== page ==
At Green Bay, WI, I turned NE, driving Route #35 and #2, camping on the very shores of Lake Michigan and my home state. The next morning I pulled into a county park with maybe 50 sites and found two campers! It was primitive but had clean restrooms. Sites trailed all along the water, magnificent spots right on the lake. Where are you campers?
I hadn’t seen the 550’ towers of the Mackinac Bridge crossing to the Lower Peninsula and Mackinaw City (all pronounced as “aw”) since 2004. The next morning Shepler’s Ferry took me to Mackinac Island with the distant 1887 Grand Hotel welcoming the passengers with its Cheshire Cat 660’ front-porch grin, the same hotel where “Somewhere in Time” was filmed in 1980. With rooms starting at $480/night, I went back to my tent for the night!
The Island’s French, British, Native American, and American history is fascinating. Along with its very rich fudge and souvenir shops, are the buggy rides, bike rides, and beaucoup restaurants. In fact, unless you walk or take some form of horse or bike transportation, you are out of luck. Only emergency vehicles are allowed on the island since 1898. Delivery bikes wobble their way to the various hotels with luggage piled high on their racks. Beyond the few streets clogged with tourists, is a marvelous nine-mile bike (or hiking) road around the entire island. In June the fragrance is heavenly with lilacs. It is even more fun to stay overnight after the ferry crowd has gone home. I started a fiction story in that atmosphere once upon a time. Hmmm. Maybe I should finish it.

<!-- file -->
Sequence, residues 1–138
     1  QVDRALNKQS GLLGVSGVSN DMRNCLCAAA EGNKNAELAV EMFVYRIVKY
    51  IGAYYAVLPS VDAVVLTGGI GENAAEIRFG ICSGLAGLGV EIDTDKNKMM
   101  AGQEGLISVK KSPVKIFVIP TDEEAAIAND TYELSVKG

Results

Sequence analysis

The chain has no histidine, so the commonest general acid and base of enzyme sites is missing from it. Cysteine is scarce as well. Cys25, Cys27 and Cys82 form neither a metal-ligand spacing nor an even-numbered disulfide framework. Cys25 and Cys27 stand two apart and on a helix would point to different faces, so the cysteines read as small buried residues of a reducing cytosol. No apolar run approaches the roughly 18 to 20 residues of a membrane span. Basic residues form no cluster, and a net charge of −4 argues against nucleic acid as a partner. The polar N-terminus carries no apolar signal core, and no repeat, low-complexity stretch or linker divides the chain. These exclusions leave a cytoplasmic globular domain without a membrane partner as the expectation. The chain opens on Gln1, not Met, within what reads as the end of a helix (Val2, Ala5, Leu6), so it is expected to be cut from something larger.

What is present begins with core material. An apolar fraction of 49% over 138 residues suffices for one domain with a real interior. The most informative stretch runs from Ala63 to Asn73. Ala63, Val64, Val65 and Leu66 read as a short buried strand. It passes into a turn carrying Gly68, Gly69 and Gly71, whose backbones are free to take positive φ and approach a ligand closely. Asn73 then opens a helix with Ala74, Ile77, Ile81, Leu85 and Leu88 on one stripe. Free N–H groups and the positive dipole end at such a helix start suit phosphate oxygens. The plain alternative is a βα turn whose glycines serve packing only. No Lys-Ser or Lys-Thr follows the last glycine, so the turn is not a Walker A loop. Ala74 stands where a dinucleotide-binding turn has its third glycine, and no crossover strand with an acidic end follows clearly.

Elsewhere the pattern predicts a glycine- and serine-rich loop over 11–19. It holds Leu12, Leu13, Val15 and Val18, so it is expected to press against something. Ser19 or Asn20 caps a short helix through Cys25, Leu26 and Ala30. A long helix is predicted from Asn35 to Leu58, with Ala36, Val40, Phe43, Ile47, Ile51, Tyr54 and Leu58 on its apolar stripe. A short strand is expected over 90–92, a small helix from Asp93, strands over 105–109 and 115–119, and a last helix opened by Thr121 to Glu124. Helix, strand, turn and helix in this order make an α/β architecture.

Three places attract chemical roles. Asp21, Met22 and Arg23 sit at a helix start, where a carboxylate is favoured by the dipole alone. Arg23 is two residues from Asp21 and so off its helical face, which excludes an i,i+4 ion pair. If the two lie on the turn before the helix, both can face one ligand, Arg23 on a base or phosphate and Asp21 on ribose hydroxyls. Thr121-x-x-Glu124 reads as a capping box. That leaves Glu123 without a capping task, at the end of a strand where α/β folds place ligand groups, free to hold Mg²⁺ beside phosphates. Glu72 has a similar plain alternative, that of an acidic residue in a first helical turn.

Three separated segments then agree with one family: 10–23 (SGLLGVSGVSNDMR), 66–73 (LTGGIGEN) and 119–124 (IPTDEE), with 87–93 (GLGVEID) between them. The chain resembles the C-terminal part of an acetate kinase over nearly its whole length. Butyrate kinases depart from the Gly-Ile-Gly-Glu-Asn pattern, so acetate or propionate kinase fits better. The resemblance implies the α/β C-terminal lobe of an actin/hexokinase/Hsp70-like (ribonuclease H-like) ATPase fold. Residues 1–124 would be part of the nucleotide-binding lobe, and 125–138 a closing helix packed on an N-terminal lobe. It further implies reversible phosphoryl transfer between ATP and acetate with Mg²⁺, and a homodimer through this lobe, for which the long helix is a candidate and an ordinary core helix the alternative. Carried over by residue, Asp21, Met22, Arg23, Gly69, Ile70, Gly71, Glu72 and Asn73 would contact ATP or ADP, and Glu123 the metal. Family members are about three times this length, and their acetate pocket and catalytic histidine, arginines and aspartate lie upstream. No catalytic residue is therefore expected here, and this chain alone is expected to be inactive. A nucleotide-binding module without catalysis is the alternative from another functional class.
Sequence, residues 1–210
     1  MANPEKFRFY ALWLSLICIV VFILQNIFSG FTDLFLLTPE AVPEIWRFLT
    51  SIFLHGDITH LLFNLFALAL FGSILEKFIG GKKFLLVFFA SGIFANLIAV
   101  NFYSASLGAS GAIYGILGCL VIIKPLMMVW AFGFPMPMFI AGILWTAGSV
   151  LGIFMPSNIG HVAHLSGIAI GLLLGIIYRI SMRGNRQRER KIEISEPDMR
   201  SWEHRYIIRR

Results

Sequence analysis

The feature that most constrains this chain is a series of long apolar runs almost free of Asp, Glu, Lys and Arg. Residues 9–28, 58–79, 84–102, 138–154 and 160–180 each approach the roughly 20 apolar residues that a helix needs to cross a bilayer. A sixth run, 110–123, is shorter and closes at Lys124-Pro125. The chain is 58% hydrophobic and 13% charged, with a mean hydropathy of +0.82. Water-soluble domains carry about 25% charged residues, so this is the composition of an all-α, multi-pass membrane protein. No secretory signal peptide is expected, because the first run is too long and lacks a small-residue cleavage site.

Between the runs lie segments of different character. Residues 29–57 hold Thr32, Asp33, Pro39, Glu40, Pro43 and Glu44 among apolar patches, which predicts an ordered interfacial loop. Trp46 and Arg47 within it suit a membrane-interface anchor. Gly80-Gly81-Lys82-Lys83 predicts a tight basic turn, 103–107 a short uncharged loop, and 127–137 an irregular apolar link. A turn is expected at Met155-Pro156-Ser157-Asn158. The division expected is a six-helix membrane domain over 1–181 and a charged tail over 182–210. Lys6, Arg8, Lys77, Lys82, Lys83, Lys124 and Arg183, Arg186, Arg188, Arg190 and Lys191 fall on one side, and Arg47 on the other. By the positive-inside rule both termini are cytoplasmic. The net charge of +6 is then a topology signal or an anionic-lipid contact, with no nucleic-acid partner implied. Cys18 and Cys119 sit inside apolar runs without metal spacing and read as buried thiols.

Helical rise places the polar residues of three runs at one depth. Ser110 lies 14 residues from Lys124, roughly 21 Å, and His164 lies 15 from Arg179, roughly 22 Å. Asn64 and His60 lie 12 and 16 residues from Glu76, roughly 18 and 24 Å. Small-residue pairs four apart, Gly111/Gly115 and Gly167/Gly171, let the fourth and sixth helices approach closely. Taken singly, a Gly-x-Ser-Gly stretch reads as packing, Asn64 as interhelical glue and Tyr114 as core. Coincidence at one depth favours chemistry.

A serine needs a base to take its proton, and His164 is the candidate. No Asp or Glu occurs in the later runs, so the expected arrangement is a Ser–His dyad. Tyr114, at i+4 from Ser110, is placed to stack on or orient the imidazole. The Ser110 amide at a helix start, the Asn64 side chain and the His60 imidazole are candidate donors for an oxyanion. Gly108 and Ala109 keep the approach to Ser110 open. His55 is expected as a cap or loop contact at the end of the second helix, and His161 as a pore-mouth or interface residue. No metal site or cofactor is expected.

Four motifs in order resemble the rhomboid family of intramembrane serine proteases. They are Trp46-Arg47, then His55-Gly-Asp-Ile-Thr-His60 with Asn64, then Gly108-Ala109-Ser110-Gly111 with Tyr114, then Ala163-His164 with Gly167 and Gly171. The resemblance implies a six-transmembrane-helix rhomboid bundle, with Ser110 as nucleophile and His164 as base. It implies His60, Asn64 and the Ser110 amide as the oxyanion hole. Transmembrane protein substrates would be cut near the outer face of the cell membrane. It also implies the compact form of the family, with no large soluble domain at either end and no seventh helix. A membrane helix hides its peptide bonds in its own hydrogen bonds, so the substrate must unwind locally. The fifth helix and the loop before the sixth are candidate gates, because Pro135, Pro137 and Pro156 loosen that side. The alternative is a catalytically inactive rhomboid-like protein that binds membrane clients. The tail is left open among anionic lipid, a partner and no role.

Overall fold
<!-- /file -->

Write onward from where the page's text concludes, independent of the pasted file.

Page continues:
I stayed the night at Mill Creek Campground a few miles out of town, passing many, many hotels with vacancy signs at 6 p.m. in the evening. We had stayed here many times over the years but I wouldn’t do it again. $30 for a tent site with no water or electric is a bit much. My favorite campground in Michigan is Leelanau State Park above Northport. I thought with Traverse City having its Cherry Festival, I wouldn’t have a chance at a site without reservations but the campground was only half full. I once interviewed a brother and sister who grew up in the nearby Grand Traverse Lighthouse and were living there again after their spouses died. I inquired about them from the ranger and discovered delightfully, that they are both still alive in their 90s and living with or near their children.
God Bless until next time.
At 45, Widow Minshall began 20 years of solo full-time RVing throughout Alaska, Mexico, and Canada. Sharlene canoed the Yukon, mushed sled dogs, worked a dude ranch, visited Hudson Bay polar bears, and lived six months on a Mexican beach. She lectured at Life on Wheels, published six RV-related books and wrote a novel, “Winter in the Wilderness.”